Friday, January 24, 2014

Fir Lake

The washed out road to Fir Lake was converted to trail and it's pretty ugly now, but it is really easy to bike on with all the alder trees gone.  Maybe it won't be so ugly in a few years.  Normally in January it is buried in snow, but this is such a strange year.  There is no snow at all at Fir Lake and I could not see any snow on 3,900 foot tall Chapel peak.

I opted to take my bike since the trail is too ugly to hike down right now and since there is no snow.  This hike is just 4 miles in the summer when the wild life gate is open.  In the winter it is a 9 mile hike and normally requires snow shoes.

I started my hike at 10:10 and I knew that a friend might be behind me.  I did not want to wait for him to pack so I took off earlier and we went in separate cars.  I did not know for sure that he was coming until he caught up with me.

I decided to follow the old road down to the outlet for the first time ever.  Before I had always followed the old road up to the inlet.  By taking outlet route I was able to get the the lake faster.  I parked my bike on the trail and walked down to the lake on the old road bed.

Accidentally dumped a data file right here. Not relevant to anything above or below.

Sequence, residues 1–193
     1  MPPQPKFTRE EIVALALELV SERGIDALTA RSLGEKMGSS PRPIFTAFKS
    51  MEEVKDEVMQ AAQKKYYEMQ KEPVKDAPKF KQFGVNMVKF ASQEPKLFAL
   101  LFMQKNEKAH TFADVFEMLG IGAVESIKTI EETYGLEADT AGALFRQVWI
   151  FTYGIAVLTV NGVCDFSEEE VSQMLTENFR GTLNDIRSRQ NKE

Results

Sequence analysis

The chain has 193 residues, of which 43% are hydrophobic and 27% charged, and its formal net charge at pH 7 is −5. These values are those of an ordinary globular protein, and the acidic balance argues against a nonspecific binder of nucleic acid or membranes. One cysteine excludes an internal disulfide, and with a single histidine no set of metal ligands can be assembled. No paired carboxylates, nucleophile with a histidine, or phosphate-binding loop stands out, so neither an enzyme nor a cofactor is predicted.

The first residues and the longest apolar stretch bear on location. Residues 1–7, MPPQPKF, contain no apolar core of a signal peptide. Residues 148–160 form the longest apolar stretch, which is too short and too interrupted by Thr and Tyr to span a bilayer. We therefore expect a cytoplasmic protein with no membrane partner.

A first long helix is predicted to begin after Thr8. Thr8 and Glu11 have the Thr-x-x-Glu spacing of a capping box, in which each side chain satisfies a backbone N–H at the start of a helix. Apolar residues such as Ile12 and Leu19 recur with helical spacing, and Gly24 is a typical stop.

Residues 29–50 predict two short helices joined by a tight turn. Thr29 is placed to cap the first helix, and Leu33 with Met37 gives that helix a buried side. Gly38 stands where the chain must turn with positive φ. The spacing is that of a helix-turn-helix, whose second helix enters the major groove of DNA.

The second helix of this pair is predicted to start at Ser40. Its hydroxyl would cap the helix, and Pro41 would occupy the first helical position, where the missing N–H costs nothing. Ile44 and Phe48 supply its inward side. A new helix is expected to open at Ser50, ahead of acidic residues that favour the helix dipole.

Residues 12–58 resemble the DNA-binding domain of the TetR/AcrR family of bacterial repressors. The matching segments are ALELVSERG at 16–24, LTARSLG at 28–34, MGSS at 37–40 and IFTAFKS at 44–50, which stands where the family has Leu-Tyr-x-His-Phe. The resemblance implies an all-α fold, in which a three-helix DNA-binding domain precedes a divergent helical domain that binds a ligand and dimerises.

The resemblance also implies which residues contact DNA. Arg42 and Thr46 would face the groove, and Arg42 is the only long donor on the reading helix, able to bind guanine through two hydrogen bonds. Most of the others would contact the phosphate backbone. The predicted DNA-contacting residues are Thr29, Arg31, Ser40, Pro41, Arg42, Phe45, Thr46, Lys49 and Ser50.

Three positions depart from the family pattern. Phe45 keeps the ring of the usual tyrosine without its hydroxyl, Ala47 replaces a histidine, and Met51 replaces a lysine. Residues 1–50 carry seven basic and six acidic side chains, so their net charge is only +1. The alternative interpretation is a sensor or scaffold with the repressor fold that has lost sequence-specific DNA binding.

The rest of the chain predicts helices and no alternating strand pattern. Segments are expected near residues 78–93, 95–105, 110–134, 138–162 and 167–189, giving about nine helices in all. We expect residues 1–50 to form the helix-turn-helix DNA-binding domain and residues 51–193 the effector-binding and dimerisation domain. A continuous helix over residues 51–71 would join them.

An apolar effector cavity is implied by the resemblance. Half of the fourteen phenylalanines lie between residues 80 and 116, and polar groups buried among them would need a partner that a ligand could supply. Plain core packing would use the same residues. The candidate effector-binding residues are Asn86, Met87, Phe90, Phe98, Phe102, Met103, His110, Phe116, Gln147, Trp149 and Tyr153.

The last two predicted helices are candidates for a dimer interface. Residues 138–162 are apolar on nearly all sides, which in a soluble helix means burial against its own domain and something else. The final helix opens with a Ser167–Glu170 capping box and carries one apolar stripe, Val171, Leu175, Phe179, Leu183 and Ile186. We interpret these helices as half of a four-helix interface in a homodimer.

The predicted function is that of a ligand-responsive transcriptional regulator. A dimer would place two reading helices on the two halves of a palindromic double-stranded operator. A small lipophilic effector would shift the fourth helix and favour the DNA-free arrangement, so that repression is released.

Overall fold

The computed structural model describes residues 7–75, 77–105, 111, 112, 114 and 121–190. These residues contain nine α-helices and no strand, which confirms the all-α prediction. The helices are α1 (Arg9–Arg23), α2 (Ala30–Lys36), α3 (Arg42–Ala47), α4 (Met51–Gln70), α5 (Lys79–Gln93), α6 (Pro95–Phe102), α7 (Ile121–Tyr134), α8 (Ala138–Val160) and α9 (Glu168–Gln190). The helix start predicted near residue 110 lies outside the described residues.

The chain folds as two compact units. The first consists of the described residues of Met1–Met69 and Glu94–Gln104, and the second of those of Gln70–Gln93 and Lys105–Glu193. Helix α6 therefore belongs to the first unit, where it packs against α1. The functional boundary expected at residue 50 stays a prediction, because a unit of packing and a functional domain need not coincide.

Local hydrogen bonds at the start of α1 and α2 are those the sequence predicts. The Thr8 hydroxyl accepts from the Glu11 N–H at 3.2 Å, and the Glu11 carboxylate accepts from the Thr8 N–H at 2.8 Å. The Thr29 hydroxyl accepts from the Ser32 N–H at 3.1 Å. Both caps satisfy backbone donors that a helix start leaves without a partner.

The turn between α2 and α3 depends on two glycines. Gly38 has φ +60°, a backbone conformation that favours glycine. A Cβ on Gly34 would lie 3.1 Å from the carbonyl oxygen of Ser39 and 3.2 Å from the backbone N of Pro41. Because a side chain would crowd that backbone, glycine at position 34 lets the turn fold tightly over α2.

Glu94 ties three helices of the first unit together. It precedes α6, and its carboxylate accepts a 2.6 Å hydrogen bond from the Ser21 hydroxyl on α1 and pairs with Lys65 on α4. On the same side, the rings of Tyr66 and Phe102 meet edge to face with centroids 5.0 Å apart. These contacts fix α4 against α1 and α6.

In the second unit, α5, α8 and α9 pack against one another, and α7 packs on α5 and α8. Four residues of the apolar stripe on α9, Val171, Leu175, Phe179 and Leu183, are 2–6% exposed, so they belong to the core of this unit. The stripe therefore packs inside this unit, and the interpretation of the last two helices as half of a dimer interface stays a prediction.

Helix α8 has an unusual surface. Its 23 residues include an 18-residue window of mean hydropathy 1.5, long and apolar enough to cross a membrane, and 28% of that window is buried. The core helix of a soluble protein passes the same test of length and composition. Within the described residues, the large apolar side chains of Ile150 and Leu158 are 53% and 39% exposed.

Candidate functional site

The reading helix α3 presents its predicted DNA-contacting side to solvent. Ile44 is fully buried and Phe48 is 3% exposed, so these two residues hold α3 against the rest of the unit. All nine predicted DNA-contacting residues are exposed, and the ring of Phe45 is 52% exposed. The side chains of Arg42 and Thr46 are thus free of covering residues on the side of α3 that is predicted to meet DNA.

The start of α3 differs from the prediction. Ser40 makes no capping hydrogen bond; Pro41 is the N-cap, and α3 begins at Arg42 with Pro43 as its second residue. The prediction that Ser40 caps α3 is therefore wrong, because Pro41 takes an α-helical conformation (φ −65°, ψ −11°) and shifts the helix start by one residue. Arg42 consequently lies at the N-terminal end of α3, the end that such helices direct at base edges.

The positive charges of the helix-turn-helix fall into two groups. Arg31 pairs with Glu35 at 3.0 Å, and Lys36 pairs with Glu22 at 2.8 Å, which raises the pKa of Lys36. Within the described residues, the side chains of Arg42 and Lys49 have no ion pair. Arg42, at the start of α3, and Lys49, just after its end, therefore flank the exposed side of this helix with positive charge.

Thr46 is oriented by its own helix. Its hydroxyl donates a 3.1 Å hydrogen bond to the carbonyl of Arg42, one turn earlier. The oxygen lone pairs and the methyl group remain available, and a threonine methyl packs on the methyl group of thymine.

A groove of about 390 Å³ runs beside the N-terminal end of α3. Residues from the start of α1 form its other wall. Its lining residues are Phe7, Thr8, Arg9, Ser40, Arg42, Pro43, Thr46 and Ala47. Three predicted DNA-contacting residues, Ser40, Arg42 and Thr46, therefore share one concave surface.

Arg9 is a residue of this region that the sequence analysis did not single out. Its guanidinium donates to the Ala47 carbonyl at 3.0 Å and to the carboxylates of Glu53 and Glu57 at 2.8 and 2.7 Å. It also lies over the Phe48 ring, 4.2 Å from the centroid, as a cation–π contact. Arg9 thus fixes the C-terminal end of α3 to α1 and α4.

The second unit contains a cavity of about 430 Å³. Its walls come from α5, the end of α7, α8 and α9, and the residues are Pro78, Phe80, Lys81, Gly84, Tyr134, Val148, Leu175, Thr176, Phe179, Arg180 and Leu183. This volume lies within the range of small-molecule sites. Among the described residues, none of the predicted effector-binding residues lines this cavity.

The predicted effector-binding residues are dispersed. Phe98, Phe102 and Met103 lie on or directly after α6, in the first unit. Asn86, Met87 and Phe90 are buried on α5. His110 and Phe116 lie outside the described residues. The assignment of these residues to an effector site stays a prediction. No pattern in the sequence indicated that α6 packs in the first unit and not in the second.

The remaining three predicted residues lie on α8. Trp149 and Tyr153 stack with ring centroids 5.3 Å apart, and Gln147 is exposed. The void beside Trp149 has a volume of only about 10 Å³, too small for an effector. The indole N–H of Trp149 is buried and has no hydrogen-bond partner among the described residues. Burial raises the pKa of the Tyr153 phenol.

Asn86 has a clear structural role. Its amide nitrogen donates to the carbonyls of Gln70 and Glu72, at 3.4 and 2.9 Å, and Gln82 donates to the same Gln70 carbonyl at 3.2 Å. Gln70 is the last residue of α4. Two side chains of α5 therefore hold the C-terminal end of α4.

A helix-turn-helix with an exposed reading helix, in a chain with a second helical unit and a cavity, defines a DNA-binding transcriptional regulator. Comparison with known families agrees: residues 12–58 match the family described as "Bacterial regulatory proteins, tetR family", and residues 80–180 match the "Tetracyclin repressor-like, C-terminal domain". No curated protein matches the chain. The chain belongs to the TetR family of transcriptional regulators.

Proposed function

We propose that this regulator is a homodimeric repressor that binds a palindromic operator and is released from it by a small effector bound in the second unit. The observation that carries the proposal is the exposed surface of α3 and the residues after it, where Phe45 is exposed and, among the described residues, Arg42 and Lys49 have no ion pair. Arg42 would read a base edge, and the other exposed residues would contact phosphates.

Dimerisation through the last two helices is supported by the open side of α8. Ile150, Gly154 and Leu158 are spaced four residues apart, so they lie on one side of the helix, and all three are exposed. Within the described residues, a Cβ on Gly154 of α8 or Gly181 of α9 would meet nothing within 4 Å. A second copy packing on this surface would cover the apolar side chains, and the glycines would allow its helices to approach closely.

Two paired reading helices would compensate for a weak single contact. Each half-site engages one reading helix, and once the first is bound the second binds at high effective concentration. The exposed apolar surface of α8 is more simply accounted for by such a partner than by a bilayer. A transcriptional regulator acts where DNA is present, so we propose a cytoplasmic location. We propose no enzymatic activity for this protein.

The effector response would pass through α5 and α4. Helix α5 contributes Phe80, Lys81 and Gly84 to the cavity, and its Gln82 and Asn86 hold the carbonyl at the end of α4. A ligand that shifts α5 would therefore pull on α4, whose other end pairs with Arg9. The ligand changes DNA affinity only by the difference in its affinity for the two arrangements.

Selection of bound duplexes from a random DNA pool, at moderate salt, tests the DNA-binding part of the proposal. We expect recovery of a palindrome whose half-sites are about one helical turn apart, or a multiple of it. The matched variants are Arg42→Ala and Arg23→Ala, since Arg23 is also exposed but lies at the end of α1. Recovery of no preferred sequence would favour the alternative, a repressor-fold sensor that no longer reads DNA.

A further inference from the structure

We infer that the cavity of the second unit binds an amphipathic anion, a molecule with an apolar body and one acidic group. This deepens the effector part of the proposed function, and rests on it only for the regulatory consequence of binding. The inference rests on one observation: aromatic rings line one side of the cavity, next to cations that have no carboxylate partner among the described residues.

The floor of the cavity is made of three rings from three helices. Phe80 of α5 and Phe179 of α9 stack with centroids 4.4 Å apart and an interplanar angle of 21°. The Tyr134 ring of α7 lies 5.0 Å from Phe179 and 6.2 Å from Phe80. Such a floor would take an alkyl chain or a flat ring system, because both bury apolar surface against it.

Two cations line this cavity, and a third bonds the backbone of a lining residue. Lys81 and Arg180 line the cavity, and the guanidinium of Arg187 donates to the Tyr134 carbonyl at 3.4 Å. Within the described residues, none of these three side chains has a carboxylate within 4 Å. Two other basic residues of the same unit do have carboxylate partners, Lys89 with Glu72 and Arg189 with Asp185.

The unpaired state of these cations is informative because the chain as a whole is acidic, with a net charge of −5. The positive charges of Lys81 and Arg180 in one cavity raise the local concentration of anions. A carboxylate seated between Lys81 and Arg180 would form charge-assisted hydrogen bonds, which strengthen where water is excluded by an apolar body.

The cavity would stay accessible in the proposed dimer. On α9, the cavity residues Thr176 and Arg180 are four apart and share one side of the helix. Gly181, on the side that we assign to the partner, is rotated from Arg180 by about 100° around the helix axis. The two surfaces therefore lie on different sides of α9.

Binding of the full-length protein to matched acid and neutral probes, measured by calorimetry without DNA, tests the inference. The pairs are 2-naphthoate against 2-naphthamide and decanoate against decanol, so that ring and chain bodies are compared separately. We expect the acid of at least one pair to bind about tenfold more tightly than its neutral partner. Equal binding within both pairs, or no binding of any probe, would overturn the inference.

When I reached the lake I saw that the only way to get sun would be to cross over the outlet or inlet stream and get to the other side.  I opted to cross the outlet but it was a bit scary.  I had to cross on ice covered logs and I did not have my trekking poles. It was a bit dicey, it was scary but it seemed doable.  Too bad I had a total 180 degree Diva  failure right in the middle.  That is always quite dramatic, but there was nothing I could do about it while standing on an ice covered log in the middle of the creek.

I am so done with being a diva!

It was so sunny and nice on the far shore, my friend and I enjoyed a long lunch together and I brewed coffee for both of us.  Then the sun went down and it got real cold real fast, so we packed up and left.

Video trip report here:

When I was recrossing over the log jam one log broke off under my feet and I got both of my feet wet.  Then Patches got stuck with her back half under water and her front paws up on a log.  She whined for me to come get her.  Great.. I really did not want to go back out onto those icy logs, but I also did not want Patches to die there.   So I took of my pack and my camera and headed out to save her. As luck would have it, she saved herself just as I was starting to climb out onto the logs; I did not have to risk getting wet again.

Riding back down the new "trail" was fun, it was all down hill and it was so smooth.  It's a nice butt ugly new trail, with a good surface, I don't totally hate it anymore.  A bad ass mountain biker could have a blast bombing down it, but I had to go slow because Patches was running behind me and I'm not a bad ass mountain biker.

We got back to the wild life gate at 4:30.  I'm glad that the days are getting longer now and giving me more time to hike.

9 miles RT with 800 feet elevation gain.  

I will only count 4.5 of these miles as hiking miles in my calculations.

Algae or aquatic liverwort?

This is what the road looked like before it was converted to "trail"

No comments: